from The American Heritage® Dictionary of the English Language, 4th Edition
- n. A name used to identify a commercial product or service, which may or may not be registered as a trademark. Also called brand name.
- n. The name by which a commodity, service, or process is known to the trade.
- n. The name under which a business firm operates.
from Wiktionary, Creative Commons Attribution/Share-Alike License
- n. A name used to identify a commercial product or service; may or may not be registered as a trademark.
- n. The name under which a business or firm operates.
from the GNU version of the Collaborative International Dictionary of English
- The name by which an article is called among traders, etc..
- An invented or arbitrary adopted name given by a manufacturer or merchant to an article to distinguish it as produced or sold by him.
- The name or style under which a concern or firm does business. This name becomes a part of the good will of a business; it is not protected by the registration acts, but a qualified common-law protection against its misuse exists, analogous to that existing in the case of trade-marks.
from The Century Dictionary and Cyclopedia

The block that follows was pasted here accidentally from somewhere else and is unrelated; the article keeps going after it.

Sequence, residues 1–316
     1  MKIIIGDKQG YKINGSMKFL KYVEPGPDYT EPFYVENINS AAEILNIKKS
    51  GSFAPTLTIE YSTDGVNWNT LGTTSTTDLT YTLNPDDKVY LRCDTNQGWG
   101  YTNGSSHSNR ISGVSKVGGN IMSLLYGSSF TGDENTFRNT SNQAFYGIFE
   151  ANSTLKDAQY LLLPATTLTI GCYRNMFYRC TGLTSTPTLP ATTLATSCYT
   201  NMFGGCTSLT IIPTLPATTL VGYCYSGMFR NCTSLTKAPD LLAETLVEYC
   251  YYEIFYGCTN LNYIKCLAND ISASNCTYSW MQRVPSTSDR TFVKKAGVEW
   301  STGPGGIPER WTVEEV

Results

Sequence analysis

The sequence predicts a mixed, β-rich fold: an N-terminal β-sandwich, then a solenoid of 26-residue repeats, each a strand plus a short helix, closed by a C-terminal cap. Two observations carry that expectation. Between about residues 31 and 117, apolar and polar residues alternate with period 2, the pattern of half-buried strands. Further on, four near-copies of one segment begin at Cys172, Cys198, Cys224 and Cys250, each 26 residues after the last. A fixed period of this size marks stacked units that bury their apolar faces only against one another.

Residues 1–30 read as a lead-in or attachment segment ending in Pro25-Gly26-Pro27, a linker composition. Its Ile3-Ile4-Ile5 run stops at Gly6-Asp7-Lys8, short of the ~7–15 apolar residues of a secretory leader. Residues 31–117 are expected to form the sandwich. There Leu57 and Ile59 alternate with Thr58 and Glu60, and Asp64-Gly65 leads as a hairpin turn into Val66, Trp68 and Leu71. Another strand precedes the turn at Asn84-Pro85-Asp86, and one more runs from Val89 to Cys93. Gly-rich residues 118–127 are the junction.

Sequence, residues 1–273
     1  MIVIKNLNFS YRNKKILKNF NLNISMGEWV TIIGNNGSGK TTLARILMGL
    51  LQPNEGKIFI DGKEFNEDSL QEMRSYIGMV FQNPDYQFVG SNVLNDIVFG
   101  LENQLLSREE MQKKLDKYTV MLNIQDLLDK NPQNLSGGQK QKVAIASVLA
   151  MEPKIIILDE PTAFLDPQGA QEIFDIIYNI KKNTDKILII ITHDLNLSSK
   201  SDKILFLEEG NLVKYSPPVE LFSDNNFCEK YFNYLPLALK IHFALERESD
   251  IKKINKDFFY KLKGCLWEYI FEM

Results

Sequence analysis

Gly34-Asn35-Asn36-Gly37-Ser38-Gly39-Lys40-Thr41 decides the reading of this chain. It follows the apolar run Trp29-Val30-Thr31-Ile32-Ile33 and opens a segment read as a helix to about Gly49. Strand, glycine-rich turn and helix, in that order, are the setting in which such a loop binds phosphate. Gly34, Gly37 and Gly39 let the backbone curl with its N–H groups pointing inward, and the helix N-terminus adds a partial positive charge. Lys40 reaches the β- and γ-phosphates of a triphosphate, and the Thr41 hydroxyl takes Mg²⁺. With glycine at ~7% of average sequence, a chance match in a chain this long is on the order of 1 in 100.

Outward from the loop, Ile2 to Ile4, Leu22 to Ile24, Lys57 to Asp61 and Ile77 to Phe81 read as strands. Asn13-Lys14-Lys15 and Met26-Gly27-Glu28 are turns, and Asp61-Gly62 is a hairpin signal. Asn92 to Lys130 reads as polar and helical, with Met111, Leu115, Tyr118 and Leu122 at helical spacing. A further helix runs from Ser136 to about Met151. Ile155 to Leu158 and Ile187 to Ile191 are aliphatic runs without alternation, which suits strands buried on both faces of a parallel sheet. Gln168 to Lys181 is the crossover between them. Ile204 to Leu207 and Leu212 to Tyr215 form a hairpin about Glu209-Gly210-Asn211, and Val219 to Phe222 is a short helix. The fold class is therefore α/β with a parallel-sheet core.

- n. A name invented or adopted as the specific name or designation of some article of commerce.
from WordNet 3.0 Copyright 2006 by Princeton University. All rights reserved.
- n. a name given to a product or service
Sorry, no etymologies found.
A narcotic antagonist, having the trade name Trexane, used in the long-term detoxification of opiate addicts.
For example, the trade name SPAM—created in 1937 by Hormel Foods out of the first and last letters of “spiced ham”—has, when uncapitalized, come to mean “junk e-mail,” with a second sense of “the random posting of advertisements on computer bulletin boards.”
Here’s what the Drug Enforcement Administration says about Ritalin, a trade name for methylphenidate: “Methylphenidate, a Schedule II substance, has a high potential for abuse and produces many of the same effects as cocaine or the amphetamines.”